June 20, 1864 (Monday)
William Tecumseh Sherman, of course, wanted to attack – he lived for the advance. But if a position could be taken by maneuver, for the sake of the lives of his men, he was bound to at least attempt it. Joe Johnston’s position on Kennesaw Mountain was strong, “unusually strong,” as Sherman put it. But it was not impossibly so. The Confederate left wasn’t exactly dangling along Noyes Creek, but there was something close to certainty in Sherman that believed it could be turned.
Then there was his own left, holding close to the railroad. There, the Army of the Tennessee, helmed by James McPherson, clung to their entrenchments. It had become a terrifying tedium of potshots, small skirmishing and artillery fire. On McPherson’s left, the Rebel cavalry operated, and while they were usually kept busy by their Union counterparts, there was always the chance that they could slip beyond McPherson and fall upon the supply lines.
If he could, Sherman would maneuver. But this ground, covered in boulders, underbrush, tangles, and forest, interspersed at random with farm lots, was unkind to the notion. The Confederate left was the focus, as the center was well anchored atop Kennesaw Mountain. And even though it was maneuver, there would have to be blood. Blood was compulsory.
For the past month, so was the rain. Everything was wet and muddy and there seemed to be no end any could imagine. But the rains might also be cover. To this end, Sherman wished to push his right flank south with John Schofield’s Army of the Ohio, augmented by Joe Hooker’s Twentieth Corps. As they advanced, Oliver Otis Howard, commanding now the Fourth Corps, was to feign an attack to draw attention away from the extension.
As Hooker and Schofield slogged to their new positions, Howard grew weary of two hills to his front. Already there were Rebel skirmishers plying their trade, and it grew in him that the hills should be captured. Two brigades of skirmishers were sent out and soon the hills were in Federal hands.
Just as soon, the Confederates, here under William Hardee, counterattacked both hills. Twice they came, and twice the Rebels were thrown back. But then, after dark, Hardee tried a third assault drove in some of the Federal lines, and actually managed to capture one of the two hills, known later as Bald Knob. And so through the night, both sides, each holding portions of the same line, grew more and more worried.
Through the day, along the rest of the Confederate line, Johnston was concerned about artillery. Kennesaw Mountain would provide a fine place to line up his guns and blast away at the Federal lines. But getting them to the top was something short of miraculous.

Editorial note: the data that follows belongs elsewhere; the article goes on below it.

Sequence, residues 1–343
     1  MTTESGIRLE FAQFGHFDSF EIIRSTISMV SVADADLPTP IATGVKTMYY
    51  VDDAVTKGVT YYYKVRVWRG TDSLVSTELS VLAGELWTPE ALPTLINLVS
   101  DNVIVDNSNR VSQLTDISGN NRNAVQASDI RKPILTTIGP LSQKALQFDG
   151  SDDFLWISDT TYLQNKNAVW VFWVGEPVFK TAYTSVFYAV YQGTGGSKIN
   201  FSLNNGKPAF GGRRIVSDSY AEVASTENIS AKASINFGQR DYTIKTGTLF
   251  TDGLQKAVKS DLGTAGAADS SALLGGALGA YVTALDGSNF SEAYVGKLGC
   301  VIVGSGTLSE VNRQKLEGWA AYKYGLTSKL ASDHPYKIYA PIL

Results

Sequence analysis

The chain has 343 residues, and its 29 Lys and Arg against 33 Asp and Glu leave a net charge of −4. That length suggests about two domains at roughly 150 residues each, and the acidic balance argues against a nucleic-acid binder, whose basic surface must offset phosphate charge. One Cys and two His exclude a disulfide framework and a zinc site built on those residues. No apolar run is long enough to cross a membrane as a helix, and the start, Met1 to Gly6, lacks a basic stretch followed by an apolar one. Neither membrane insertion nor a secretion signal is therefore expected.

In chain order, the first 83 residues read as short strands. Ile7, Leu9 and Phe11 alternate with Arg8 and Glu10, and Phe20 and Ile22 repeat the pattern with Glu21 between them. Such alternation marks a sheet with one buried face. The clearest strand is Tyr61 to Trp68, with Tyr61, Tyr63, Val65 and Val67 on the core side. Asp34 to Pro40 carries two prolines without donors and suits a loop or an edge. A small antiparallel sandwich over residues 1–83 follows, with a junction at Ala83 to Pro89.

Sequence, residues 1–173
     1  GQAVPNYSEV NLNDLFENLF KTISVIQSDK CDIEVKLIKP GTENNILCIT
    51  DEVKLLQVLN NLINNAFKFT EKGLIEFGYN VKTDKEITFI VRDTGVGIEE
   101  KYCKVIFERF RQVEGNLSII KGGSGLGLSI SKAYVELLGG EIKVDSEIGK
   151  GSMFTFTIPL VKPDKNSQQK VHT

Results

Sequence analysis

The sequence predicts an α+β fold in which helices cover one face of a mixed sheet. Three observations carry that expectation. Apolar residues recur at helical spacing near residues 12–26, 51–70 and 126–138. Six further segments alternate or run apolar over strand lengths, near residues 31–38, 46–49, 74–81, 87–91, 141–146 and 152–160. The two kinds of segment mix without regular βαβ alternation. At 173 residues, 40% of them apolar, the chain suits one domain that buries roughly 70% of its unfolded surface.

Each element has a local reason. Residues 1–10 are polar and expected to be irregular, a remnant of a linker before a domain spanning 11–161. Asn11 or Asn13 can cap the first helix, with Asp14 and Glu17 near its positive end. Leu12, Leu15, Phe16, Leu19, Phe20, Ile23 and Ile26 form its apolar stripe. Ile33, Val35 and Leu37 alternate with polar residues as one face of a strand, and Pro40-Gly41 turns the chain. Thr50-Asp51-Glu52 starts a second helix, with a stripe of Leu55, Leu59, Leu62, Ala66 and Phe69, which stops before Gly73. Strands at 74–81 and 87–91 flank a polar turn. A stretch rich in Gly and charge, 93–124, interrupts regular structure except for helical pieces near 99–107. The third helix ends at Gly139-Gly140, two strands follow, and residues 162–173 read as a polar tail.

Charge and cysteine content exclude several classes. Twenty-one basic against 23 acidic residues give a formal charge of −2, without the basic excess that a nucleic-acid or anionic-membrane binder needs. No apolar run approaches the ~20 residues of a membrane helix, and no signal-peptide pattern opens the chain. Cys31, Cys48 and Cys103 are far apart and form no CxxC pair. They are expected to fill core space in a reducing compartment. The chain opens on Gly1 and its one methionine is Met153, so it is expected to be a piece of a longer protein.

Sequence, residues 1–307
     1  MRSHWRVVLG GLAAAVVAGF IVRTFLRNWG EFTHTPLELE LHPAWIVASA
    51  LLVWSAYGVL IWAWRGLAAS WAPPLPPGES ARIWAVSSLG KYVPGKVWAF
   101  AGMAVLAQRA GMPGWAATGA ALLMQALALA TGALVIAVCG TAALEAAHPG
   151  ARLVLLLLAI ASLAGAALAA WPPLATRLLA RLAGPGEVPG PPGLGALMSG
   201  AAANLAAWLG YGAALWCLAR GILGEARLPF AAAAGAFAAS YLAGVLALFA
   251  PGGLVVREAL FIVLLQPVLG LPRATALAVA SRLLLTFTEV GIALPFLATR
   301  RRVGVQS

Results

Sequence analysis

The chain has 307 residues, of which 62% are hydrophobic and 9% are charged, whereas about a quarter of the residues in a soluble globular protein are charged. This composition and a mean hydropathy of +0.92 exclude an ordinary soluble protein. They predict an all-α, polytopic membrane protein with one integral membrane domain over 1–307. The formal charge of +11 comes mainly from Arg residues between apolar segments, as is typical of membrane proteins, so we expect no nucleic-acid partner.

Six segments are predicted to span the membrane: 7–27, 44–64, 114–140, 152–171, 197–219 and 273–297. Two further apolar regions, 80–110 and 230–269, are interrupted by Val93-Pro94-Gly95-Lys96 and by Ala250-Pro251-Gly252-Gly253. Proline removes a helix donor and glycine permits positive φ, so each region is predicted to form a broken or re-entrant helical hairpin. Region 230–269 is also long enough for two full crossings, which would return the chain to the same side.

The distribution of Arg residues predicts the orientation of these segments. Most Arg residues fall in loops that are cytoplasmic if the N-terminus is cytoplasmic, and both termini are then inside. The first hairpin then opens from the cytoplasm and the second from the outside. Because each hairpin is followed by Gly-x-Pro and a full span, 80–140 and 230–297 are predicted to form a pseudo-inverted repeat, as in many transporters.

Major George Storrs of the artillery inspected the ground and became determined to lug twenty pieces up the side of the mountain. And while Johnston shook his head, deeming it too impossible, Storrs disagreed and began the work.
Confederate General Samuel French, described the ground in his memoirs:
“Kennesaw Mountain is about four miles northwest of Marietta, It is over two and a half miles in length, and rises abruptly from the plain, solitary and alone, to the height of perhaps seven hundred feet. Its northwestern side is rocky and abrupt. On the northerly and southerly extremities it can be gained on horseback. Little Kennesaw, being bald and destitute of timber, affords a commanding view of all the surrounding country as far as the eye can reach, except where the view is hidden by the higher peak. The view from this elevation embraces Lost Mountain. Fine Mountain, and all the beautiful cultivated plain, dotted here and there with farmhouses, extending to the Allatoona Mountains, a spur of the Great Smoky Mountains of North Carolina.”
The night, for hundreds of men, consisted of dragging and pushing, struggling, slipping and swearing, as they worked nine pieces of artillery to the heights of Little Kennesaw Mountain, and still more to Big Kennesaw Mountain. By the dawn of the 21st, the artillery was established.
Late, on the Union right, General Sherman rode to John Schofield’s headquarters to discuss crossing Noses Creek, separating the two flanks, and driving in the Rebel left. But before long, Johnston would take notice and extend his lines with John Bell Hood’s Corps, and though there would be attempts and skirmishes, there would be no Federal success in the hard days to come.1
- Sources: Kennesaw Mountain by Earl J. Hess; Decision in the West by Albert Castel; Nothing But Glory by Steven Woodworth; Two Wars by Samuel French. [↩]